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Obama to Seek More Funds for Antibiotic Resistant Bacteria

President Barack Obama will request a doubling of funds for fighting and preventing antibiotic-resistant bacteria in his 2016 budget, the White House said Tuesday.

The budget blueprint to be unveiled in February will request $1.2 billion, twice the amount granted by Congress in 2015.

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Liberia Closes Ebola Centre at Epicentre of Outbreak

Liberia's president on Monday announced the closure of an Ebola treatment facility which lay at the epicentre of the virus's worst outbreak in history, as the disease's spread has slowed in the country.

Ellen Johnson Sirleaf warned Liberians that while they could not yet afford to relax, the country had made significant progress in the fight against Ebola, and thanked states who helped Monrovia combat the virus.

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Bird Flu Confirmed in Canadian Patient after China Trip

The first human case of H7N9 bird flue in North America has been confirmed in a Canadian woman who recently returned from a trip to China, health officials said Monday.

The patient in her 50s began feeling sick two days after returning home in Canada's westernmost British Columbia province and sought care from a doctor. 

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Senegal Opens Guinea Border as Ebola Recedes

Senegal reopened its land border with Guinea on Monday, pointing to the "significant efforts" of its neighbor in fighting an Ebola outbreak that has claimed thousands of lives.

People and goods can now "move freely by land between the two countries," the interior ministry said in a statement cited by the state-run Senegalese Press Agency.

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MDs: Medical Pot only OK for Sick Kids Failed by Other Drugs

With virtually no hard proof that medical marijuana benefits sick children, and evidence that it may harm developing brains, the drug should only be used for severely ill kids who have no other treatment option, the nation's most influential pediatricians group says in a new policy.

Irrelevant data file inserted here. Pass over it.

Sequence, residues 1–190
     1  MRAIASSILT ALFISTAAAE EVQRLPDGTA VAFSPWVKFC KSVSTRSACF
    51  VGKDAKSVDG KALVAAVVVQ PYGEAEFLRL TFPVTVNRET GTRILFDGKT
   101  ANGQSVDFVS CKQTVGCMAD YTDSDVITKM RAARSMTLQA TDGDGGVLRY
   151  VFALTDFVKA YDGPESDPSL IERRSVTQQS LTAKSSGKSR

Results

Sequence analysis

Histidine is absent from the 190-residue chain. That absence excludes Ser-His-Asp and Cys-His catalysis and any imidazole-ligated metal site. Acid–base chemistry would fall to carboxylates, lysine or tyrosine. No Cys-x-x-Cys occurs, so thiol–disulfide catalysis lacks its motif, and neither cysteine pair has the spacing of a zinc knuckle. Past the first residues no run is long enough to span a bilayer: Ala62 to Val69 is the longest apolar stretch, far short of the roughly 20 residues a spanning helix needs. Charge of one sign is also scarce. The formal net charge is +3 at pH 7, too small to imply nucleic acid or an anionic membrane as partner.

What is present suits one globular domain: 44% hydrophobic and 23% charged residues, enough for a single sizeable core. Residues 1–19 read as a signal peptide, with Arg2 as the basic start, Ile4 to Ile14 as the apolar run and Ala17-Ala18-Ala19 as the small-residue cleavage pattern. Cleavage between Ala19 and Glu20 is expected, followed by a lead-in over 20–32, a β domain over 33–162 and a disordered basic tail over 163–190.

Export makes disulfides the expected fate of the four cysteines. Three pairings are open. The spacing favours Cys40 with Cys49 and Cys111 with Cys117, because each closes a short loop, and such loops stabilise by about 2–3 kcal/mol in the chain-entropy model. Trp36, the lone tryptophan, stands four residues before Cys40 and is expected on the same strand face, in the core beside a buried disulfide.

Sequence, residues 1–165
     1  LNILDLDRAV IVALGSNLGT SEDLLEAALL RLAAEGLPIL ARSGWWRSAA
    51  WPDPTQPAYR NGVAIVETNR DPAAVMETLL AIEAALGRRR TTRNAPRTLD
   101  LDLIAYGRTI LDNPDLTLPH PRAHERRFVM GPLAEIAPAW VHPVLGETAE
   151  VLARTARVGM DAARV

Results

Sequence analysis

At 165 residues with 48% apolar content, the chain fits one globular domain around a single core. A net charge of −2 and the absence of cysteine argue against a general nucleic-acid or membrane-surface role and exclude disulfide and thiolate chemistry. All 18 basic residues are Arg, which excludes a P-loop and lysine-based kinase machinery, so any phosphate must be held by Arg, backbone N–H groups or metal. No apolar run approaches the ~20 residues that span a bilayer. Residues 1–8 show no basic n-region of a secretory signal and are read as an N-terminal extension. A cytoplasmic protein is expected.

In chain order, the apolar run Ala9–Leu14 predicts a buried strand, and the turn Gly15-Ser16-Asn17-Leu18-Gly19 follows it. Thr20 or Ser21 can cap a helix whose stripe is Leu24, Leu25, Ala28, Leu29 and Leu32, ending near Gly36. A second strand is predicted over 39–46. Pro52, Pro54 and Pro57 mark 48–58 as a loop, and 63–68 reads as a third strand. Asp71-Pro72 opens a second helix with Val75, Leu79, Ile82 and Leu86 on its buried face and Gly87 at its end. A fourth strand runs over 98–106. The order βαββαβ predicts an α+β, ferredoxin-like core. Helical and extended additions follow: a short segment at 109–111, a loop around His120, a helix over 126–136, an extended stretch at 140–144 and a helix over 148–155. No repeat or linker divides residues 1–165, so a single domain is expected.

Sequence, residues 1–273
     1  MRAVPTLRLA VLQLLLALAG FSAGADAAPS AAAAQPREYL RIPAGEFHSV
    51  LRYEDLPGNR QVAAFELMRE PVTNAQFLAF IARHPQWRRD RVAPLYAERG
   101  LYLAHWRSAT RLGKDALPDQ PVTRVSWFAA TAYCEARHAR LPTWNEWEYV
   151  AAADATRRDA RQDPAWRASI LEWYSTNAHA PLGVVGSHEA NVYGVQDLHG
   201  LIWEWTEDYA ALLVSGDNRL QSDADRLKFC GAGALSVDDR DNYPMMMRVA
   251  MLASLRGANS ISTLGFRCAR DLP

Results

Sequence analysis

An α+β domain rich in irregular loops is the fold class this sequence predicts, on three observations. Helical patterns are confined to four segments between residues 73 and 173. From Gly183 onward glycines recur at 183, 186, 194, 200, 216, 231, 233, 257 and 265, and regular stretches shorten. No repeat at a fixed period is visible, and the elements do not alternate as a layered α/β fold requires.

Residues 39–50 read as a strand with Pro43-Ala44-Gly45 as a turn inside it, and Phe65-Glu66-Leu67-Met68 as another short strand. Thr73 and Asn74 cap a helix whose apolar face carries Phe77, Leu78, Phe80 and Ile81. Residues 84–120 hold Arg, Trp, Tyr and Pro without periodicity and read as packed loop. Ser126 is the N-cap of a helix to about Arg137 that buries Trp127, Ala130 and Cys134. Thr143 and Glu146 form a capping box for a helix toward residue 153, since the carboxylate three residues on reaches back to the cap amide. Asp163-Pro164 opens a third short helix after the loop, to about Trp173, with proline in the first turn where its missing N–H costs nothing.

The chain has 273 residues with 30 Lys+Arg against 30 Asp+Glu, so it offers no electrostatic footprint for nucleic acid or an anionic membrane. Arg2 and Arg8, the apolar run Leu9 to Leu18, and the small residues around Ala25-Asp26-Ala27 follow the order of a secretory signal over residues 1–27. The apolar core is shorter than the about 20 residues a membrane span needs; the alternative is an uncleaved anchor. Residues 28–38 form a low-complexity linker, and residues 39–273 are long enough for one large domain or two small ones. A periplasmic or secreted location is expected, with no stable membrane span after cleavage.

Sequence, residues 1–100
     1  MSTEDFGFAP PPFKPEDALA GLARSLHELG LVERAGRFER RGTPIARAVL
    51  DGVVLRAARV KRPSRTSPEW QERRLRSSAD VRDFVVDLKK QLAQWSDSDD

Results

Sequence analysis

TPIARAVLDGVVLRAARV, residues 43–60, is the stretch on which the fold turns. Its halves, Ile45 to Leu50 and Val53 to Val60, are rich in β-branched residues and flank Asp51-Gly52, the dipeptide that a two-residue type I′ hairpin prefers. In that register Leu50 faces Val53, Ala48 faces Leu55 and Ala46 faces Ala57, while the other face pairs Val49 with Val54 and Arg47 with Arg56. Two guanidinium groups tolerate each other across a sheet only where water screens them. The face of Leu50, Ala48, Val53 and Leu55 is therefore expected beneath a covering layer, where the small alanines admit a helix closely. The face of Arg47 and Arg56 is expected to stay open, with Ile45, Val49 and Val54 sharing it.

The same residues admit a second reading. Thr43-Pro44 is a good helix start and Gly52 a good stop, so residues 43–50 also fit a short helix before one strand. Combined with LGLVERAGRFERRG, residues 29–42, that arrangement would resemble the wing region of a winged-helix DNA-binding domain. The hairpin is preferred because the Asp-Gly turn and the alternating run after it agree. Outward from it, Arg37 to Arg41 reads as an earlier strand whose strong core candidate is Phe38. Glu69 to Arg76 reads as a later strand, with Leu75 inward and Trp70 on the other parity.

Some parents insist that medical marijuana has cured their kids' troublesome seizures or led to other improvements, but the American Academy of Pediatrics' new policy says rigorous research is needed to verify those claims.

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British Ebola Nurse Discharged from Hospital

A British nurse who contracted Ebola while working as a volunteer in Sierra Leone said she was "happy to be alive" as she was discharged from hospital on Saturday having made a full recovery.

Scottish nurse Pauline Cafferkey was diagnosed in Glasgow on December 29 before being transferred to Britain's only isolation ward for Ebola patients at London's Royal Free Hospital.

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U.S. Approves 2nd Vaccine against Meningitis Strain

U.S. government health regulators have approved a second vaccine to prevent a strain of bacteria that can cause deadly cases of meningitis.

The Food and Drug Administration said it cleared Novartis' Bexsero vaccine against a subtype of meningococcal bacteria in people ages 10 to 25. The agency cleared a similar vaccine from Pfizer last October. Prior to that, vaccines available in the U.S. only covered four of the five main subtypes of bacteria that cause meningococcal disease.

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Disney Measles Outbreak Spreads to More U.S. States, Mexico

A measles outbreak centered around Disneyland in California has spread to six more U.S. states and Mexico, and an international visitor to the theme park likely sparked the health alert, officials said Friday.

Fifty-one confirmed cases of measles have been reported to the Centers for Disease Control and Prevention since late December, the U.S. government agency said in a statement, most in California but others as far afield as Nebraska and Washington states.

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U.N.: Just Five Ebola Cases Left in Liberia

The United Nations said on Saturday Liberia was dealing with just five remaining cases of Ebola, in the clearest sign yet that the country is nearing the end of the outbreak.

The worst outbreak of the virus in history has seen the west African nation and its neighbors Guinea and Sierra Leone register almost 9,000 deaths in a year, although experts believe the real toll could be far higher. 

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U.S.: Long-Awaited Ebola Vaccine Study Coming Soon in Liberia

Long-awaited studies of two possible Ebola vaccines are set to begin in West Africa in a couple of weeks, starting in Liberia, U.S. officials said Thursday.

The first study will compare the two experimental vaccines with dummy shots in hopes of proving whether either really protects against the Ebola virus, which has devastated Liberia, Guinea and Sierra Leone over the past year.

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